Were the Airline Bailouts Really Needed?
Once again, we have socialized an industry’s losses and privatized its profits.
By Andrew Ross Sorkin
A year ago this week, Doug Parker, the chief executive of American Airlines, flew to Washington to begin what became a yearlong lobbying campaign for a series of taxpayer-funded bailouts during the pandemic.
He wasn’t alone. The campaign also included leaders from Alaska Airlines, Allegiant Air, Delta Air Lines, Frontier Airlines, Hawaiian Airlines, JetBlue Airways, United Airlines, SkyWest Airlines and Southwest Airlines — all with their hands extended. The flight attendant and pilot unions were also part of the lobbying.
A year later, as the stock market cruises to new heights, questions should be asked about the $50 billion in grants that were used to prop up the airline industry. Was it worth it? And was it necessary?
The good news is that the rescue money likely saved as many as 75,000 jobs, most remaining at full pay. And that money also kept the airlines from filing for bankruptcy, and in a position to ferry passengers all over the country to jump start economic growth as the health crisis subsides.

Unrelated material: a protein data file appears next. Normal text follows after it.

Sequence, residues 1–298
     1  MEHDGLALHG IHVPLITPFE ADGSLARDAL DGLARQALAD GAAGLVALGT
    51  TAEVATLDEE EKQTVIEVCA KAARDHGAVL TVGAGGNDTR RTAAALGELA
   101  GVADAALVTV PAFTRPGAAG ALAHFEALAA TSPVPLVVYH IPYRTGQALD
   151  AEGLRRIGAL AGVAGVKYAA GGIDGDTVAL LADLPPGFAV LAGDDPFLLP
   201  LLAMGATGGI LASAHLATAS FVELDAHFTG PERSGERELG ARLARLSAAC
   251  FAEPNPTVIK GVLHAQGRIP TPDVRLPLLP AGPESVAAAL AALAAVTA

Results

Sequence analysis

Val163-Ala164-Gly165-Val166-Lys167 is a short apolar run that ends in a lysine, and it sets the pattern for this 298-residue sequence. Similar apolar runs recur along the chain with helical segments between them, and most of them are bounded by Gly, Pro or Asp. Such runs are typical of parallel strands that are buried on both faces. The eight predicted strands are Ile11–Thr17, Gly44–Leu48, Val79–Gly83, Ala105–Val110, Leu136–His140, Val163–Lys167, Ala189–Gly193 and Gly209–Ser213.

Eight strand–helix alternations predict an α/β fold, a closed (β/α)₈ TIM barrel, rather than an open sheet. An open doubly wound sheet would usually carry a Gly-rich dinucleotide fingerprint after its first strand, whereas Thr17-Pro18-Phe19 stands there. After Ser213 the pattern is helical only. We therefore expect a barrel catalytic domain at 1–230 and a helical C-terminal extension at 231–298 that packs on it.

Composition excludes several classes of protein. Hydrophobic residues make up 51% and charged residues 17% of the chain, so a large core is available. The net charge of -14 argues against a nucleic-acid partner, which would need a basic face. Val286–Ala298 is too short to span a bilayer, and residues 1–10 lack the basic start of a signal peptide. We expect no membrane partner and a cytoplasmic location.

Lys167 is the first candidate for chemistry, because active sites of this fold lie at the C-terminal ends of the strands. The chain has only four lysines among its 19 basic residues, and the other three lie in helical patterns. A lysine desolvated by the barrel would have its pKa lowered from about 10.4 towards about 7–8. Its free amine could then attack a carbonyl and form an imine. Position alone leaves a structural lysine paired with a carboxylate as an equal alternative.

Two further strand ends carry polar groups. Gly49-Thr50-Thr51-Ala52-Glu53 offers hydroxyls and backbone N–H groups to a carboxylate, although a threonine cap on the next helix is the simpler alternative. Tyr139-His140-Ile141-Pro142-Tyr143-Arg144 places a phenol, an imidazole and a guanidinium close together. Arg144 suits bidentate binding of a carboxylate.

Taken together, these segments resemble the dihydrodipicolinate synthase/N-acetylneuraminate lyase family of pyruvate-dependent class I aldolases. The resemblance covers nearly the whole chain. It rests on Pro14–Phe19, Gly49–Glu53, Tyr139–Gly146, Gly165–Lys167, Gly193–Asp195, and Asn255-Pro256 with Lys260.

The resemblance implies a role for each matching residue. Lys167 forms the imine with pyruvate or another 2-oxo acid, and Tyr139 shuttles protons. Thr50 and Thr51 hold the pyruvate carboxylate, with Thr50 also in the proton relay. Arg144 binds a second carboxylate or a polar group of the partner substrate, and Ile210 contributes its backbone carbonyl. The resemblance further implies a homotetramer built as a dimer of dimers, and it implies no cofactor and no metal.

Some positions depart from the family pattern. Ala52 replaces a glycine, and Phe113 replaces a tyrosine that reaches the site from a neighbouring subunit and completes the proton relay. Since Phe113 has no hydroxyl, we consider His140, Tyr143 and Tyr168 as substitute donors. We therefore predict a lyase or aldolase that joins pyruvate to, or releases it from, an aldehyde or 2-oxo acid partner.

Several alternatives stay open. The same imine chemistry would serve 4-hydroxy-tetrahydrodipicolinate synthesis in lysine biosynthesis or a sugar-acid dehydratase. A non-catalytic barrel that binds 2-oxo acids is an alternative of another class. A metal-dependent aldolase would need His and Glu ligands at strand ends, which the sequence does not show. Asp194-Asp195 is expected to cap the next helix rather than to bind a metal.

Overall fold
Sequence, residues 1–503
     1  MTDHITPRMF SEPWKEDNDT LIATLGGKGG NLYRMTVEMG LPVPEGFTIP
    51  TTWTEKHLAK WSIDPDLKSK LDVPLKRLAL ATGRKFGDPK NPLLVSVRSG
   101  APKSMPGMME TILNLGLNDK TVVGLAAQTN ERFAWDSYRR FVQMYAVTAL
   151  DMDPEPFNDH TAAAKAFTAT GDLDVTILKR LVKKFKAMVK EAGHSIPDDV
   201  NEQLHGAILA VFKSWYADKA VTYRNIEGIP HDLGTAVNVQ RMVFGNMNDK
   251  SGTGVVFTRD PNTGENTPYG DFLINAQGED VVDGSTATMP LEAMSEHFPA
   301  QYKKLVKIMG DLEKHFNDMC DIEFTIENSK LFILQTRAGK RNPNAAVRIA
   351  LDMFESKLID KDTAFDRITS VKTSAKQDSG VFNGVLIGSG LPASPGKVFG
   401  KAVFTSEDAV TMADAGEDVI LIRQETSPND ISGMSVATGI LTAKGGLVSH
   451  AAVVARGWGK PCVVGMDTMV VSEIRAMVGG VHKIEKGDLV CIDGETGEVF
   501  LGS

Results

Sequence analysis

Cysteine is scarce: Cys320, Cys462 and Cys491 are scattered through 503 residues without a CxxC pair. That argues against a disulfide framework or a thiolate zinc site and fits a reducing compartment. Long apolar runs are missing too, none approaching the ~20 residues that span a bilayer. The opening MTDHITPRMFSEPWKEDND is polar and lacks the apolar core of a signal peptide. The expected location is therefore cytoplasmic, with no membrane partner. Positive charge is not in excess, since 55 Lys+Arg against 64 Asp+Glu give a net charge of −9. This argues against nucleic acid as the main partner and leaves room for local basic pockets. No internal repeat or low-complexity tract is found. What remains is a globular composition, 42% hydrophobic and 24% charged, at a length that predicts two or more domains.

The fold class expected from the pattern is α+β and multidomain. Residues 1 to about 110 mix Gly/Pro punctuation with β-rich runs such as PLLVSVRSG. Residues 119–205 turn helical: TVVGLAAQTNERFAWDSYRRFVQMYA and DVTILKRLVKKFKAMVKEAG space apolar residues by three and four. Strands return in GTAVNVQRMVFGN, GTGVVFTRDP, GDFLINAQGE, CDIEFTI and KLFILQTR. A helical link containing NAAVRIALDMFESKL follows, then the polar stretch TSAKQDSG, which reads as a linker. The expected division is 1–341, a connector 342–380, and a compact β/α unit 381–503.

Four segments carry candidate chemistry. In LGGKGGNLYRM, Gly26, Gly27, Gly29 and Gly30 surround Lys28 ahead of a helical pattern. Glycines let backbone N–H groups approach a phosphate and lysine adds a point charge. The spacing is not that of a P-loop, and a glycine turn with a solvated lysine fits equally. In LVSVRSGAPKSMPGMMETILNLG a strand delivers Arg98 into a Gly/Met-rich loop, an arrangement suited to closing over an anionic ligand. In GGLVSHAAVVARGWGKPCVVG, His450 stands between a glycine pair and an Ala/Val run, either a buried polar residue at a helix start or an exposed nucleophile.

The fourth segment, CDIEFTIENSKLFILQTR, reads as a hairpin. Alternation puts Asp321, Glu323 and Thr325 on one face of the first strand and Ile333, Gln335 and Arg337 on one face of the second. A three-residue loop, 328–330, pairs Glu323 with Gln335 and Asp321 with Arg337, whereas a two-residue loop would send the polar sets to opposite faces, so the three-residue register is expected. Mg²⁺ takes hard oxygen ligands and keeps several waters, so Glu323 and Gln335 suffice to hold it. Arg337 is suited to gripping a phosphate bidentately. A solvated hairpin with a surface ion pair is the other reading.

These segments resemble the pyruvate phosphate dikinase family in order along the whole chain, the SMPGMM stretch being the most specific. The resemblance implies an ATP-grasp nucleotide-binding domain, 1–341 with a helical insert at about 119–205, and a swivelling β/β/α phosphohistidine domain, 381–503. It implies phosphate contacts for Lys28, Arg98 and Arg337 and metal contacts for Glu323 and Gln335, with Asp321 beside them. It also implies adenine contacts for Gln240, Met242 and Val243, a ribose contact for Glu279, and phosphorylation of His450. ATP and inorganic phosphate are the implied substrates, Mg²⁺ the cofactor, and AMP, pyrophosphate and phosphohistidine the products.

The bad news is that it is also likely that taxpayers massively overpaid: The original grant of $25 billion in April meant that each of the 75,000 jobs saved cost the equivalent of more than $300,000. And with each additional round of bailout money, that price has grown.
The truth is that shareholders of the airlines have been the biggest beneficiaries. That includes airline executives, many of whom have been paid in stock for years and stood to lose millions of dollars if their holdings were wiped out. Airline chiefs collected tens of millions per year in compensation before the pandemic, in part by boosting their companies’ share prices by regularly buying back tens of billions in shares. That meant setting aside less money for a rainy day — or, in this case, a pandemic.
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